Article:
In line with the above obversation, Nisbet and Dietram (2009) argue that “any science communication efforts need to be based on a systematic empirical understanding of an intended audience ’ s existing values, knowledge, and attitudes, their interpersonal and social contexts, and their preferred media sources and communication channels” (p. 1767).
The above comments are instructive: we need new forms of science communication that go beyond conveying facts more efficiently. Political economy, culture, globalization are all important parts of the puzzle. Research universities have an important role to play in improving science communication especially when genuine efforts are made to do so through community-based partnerships and collaboration across diverse boundaries. This is a topic to be addressed at the next annual meeting of the AAAS. The 2011 meeting’s theme—Science Without Borders—will highlight science and teaching that cross conventional boundaries and get beyond the constraints of disciplinary silos.
Dr. Peter Agre, AAAS President, notes how “the relevance of science, technology, and engineering as well as scientific literacy to the well-being of society is more profound than ever.” At the same time the global dimension of all this is more profound than ever, making the challenge to improve science communication a call to action that resonates around the world. In his first major speech to scientists as President of the USA, Barack Obama observed how: “Science, technology, and innovation proceed more rapidly and more cost-effectively when insights, costs, and risks are shared; and so many of the challenges that science and technology will help us meet are global in character. This is true of our dependence on oil, the consequences of climate change, the threat of epidemic disease, and the spread of nuclear weapons.” ( President Barack Obama, excerpt from his address to scientists at the annual meeting of the National Academy of Sciences on April 28, 2009).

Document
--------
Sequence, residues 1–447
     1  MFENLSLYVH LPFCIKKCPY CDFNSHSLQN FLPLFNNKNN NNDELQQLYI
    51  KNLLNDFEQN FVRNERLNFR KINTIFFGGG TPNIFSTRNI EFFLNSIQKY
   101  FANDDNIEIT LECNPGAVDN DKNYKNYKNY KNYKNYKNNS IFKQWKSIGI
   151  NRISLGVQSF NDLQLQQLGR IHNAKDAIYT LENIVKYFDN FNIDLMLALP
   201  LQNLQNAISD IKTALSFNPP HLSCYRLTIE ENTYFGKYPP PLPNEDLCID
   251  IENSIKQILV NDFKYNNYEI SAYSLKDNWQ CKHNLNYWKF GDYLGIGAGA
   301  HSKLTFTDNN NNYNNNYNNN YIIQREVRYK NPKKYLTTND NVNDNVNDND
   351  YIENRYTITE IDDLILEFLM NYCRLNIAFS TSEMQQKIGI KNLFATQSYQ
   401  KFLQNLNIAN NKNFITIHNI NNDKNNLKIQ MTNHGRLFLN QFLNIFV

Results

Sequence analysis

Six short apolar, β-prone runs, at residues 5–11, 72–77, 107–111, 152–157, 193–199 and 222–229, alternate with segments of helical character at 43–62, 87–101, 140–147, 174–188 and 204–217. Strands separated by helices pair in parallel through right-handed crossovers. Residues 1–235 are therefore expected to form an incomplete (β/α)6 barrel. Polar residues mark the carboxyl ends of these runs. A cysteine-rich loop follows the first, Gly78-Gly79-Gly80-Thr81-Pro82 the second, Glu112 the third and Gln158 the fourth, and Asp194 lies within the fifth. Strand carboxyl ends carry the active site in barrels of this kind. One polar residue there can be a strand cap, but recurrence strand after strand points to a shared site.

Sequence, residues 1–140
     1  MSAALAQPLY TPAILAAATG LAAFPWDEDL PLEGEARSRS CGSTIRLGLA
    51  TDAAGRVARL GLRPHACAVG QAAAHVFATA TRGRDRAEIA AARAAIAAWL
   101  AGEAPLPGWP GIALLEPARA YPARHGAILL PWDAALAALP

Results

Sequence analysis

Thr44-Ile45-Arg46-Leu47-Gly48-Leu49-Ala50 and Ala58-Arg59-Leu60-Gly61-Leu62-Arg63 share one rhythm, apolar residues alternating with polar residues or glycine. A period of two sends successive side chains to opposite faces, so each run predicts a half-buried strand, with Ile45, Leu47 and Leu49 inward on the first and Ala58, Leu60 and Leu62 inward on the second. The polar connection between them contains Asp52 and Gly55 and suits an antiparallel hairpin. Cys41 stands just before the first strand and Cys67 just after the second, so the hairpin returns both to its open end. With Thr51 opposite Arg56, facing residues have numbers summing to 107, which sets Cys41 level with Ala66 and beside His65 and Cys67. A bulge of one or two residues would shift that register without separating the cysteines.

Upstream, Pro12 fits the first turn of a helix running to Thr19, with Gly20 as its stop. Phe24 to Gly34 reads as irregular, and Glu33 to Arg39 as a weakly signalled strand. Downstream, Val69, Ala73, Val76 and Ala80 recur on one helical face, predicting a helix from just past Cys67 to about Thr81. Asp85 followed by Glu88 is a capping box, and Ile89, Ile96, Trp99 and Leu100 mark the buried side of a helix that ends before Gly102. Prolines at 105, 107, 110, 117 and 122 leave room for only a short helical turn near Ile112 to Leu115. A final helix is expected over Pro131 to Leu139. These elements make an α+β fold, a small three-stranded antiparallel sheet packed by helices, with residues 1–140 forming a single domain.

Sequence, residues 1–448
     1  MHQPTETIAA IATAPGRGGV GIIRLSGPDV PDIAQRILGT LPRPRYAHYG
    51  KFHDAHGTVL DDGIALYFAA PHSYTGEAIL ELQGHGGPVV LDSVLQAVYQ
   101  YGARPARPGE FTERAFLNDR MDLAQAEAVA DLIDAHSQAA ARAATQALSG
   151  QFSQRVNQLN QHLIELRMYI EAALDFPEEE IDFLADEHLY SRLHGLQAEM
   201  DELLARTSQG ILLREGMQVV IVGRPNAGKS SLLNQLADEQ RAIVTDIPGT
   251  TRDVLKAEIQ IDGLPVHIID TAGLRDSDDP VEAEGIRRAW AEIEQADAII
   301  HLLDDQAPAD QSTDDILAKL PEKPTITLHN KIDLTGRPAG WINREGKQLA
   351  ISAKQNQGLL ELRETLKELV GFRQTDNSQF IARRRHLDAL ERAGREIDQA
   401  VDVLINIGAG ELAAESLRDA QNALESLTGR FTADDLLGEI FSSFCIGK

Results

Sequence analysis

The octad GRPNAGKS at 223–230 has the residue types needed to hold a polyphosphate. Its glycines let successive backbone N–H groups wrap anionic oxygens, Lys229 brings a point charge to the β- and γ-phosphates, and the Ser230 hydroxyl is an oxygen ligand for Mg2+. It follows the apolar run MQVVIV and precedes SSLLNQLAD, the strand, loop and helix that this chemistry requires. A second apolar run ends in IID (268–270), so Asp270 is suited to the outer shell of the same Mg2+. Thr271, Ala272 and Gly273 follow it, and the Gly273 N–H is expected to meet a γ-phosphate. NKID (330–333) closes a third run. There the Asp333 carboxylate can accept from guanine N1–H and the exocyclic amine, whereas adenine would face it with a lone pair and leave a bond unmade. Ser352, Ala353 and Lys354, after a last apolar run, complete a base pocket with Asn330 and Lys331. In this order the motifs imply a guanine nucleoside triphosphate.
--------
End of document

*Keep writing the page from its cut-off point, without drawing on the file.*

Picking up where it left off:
Bäckstrand, Karin 2003. “Civic Science for Sustainability: Reframing the Role of Experts, Policy-Makers and Citizens in Environmental Governance.” Global Environmental Politics 4:24-40.
Bourne, Philip E. and Leo M. Chalupa. 2008. “A new approach to scientific dissemination.” Materials Today 11:48-48.
Hess, Charlotte and Elinor Ostrom. 2007. Understanding knowledge as a commons : from theory to practice. Cambridge, Mass.: MIT Press.
Jasanoff, Sheila. 2004. States of knowledge : the co-production of science and social order. London ; New York: Routledge.
Jasanoff, Sheila. 2005. Designs on nature : science and democracy in Europe and the United States. Princeton, N.J.: Princeton University Press.
Lindberg Christensen, Lars 2007. The hands-on guide for science communicators : a step-by-step approach to public outreach. New York: Springer.
Mooney, Chris and Sheril Kirshenbaum. 2009. Unscientific America : how scientific illiteracy threatens our future. New York: Basic Books.
Nisbet, Matthew C. and Dietram A. Scheufele. 2009. “What’s next for science communication? Promising directions and lingering distractions.” Am. J. Bot. 96:1767-1778.
Poliakoff, Ellen and Thomas L. Webb. 2007. “What Factors Predict Scientists’ Intentions to Participate in Public Engagement of Science Activities?” Science Communication 29:242-263.
Schuler, Douglas. 2008. Liberating voices : a pattern language for communication revolution. Cambridge, Mass.: MIT Press.
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UCSD Superfund Research Program